St. Marys algae shows up earlier this year than last
St. Marys, Ohio (AP) — Tests indicate the blue-green algae growth that has hampered tourism near the state’s largest inland lake appeared about two months earlier this year than last, possibly because of unseasonably warm weather.
The algae blooms, which produce a nerve toxin that can sicken people, have led to previous closures of Grand Lake St. Marys and swimming advisories at the lake in western Ohio.
The algae didn’t show up last year until late May, but tests show it may have started growing in early March this year, The Columbus Dispatch reported.
Milt Miller, a co-founder of the Grand Lake St. Marys Restoration Commission, blames unusually warm weather.
Daily high temperatures reported by the National Weather Service were at least 11 degrees above normal from March 12-25 and exceeded 80 degrees on March 20-22.
“Typically, we don’t see those warm temperatures until May or June,” Miller said.
Blue-green algae feed on phosphorus from manure, fertilizers, and sewage running into nearby streams. The toxic algae that have shown up in many of Ohio’s lakes, including Lake Erie, were so thick in Grand Lake in 2010 that state officials warned people not to touch the water and said it likely caused seven people to get sick.
The latest test in April detected a concentration of the algae-produced liver toxin that was seven times higher than the level the state uses to advise older visitors, young children, and people with weakened immune systems not to wade or swim. State officials say warning signs will go up at the 13,000-acre lake and state park in a few days, in time for the Memorial Day weekend.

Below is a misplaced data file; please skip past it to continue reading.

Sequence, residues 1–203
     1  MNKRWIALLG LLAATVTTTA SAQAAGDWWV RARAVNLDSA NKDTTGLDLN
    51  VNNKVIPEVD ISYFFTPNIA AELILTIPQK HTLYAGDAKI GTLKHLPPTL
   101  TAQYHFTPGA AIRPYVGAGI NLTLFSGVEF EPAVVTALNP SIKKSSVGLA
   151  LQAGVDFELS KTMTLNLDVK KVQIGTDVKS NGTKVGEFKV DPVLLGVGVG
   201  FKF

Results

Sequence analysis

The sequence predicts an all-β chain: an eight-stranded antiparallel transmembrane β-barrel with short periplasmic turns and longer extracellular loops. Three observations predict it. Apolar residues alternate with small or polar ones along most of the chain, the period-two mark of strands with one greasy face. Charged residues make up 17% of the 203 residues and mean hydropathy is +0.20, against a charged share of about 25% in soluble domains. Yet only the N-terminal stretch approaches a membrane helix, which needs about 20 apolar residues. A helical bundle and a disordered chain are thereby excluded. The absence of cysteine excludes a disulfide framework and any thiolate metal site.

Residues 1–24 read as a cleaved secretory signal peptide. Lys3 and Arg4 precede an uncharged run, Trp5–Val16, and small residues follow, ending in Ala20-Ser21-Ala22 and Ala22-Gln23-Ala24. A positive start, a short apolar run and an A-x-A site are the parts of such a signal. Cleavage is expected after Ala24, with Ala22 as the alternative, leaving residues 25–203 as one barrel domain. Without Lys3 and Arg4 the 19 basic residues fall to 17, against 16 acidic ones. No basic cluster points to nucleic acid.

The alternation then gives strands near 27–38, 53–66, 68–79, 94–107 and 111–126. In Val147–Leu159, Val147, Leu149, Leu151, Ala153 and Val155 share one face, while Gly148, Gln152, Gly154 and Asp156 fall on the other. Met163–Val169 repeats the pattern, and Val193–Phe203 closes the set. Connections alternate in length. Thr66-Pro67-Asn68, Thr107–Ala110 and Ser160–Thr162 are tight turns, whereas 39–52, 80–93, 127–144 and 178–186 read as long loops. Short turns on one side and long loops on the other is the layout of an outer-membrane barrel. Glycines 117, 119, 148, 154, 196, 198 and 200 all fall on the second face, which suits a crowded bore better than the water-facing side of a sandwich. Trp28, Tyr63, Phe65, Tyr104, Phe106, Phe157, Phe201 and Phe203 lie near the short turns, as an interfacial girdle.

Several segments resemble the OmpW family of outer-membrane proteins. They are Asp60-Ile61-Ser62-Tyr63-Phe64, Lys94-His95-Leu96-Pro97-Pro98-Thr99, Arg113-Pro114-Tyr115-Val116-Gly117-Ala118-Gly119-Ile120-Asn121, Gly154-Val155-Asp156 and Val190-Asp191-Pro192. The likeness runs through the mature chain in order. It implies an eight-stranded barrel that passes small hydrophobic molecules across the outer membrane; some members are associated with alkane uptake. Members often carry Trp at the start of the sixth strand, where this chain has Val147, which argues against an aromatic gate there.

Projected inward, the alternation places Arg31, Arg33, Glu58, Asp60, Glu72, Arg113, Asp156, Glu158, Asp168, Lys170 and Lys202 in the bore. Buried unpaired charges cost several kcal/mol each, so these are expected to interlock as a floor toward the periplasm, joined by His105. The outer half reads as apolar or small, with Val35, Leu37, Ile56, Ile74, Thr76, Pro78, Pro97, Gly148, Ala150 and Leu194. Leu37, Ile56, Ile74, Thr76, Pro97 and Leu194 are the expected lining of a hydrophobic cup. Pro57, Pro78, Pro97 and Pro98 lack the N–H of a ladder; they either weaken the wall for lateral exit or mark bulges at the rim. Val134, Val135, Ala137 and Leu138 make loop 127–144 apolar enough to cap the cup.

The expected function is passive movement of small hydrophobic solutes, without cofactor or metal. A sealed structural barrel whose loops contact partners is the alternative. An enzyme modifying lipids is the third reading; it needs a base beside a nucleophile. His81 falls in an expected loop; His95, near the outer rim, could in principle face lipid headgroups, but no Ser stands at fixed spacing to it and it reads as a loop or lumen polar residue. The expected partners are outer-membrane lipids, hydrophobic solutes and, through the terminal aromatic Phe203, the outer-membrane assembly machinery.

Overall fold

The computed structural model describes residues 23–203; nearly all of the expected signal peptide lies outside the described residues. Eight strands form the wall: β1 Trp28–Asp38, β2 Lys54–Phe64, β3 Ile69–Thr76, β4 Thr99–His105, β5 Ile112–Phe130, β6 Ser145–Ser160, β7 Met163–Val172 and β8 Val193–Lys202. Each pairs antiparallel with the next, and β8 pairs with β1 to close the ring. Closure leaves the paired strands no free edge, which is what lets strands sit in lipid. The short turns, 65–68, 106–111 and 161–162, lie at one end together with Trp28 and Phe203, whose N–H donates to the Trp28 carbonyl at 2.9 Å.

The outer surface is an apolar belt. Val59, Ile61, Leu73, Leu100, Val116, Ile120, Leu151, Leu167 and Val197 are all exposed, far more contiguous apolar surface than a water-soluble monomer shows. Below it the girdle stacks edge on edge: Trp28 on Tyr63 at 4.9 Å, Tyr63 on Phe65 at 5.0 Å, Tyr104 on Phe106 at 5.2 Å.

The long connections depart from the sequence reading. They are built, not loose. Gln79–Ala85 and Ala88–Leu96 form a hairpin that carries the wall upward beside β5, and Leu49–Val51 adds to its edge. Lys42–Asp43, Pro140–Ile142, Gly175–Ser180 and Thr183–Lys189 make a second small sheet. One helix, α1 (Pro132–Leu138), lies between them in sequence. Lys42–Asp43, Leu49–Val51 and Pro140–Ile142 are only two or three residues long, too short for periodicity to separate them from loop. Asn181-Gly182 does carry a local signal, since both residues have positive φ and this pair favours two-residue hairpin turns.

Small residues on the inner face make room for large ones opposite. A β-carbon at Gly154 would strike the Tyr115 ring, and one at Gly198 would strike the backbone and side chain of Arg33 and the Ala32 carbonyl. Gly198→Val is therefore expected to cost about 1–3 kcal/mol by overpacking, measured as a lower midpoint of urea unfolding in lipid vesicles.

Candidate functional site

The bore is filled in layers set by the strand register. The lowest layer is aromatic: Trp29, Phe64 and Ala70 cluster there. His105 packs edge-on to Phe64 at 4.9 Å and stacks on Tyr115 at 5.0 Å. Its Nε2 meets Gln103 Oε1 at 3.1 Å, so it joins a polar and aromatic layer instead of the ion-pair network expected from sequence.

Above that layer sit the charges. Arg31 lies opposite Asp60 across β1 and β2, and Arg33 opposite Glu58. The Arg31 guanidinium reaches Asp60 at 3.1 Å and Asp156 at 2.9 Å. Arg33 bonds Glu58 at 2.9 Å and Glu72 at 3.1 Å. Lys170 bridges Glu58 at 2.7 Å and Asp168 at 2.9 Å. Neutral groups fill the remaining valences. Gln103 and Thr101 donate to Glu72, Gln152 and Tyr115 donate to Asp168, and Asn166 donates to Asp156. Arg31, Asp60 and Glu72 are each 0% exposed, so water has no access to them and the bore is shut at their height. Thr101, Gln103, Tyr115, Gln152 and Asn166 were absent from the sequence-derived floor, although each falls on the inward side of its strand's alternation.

Lake temperatures have been too cold for water skiing or swimming, said Carlo LoParo, a spokesman for the Ohio DNR.
State officials treated 5,000 acres of the lake last year with alum, a chemical that starves algae by bonding with phosphorus, and the lake was able to stay open all summer.
Miller is hopeful that a similar treatment completed May 7 will help kill off this year’s algae before the start of the summer tourist season. Area tourism has suffered since the algae outbreak that led to the 2010 advisory not to touch the water.
An economic impact assessment in 2009 showed that sales, wages, and taxes generated approximately $193 million in Auglaize and Mercer counties, where the lake is located. A Small Business Administration disaster declaration survey showed average business revenue was down 35 percent to 40 percent in 2010 – about $77 million across the region.
The lake’s boosters say tourism improved last year amid the aggressive efforts to control the algae and the use of television and other media to spread the word that the lake was improving.
Hotel visitation was up 10 percent last year in Mercer County, where most of the lake is located, compared with being down 23 percent the previous two years, said Donna Grube, executive director of the Auglaize and Mercer Counties Convention and Visitors Bureau.
“We’re confident the alum will be effective again this year,” she said.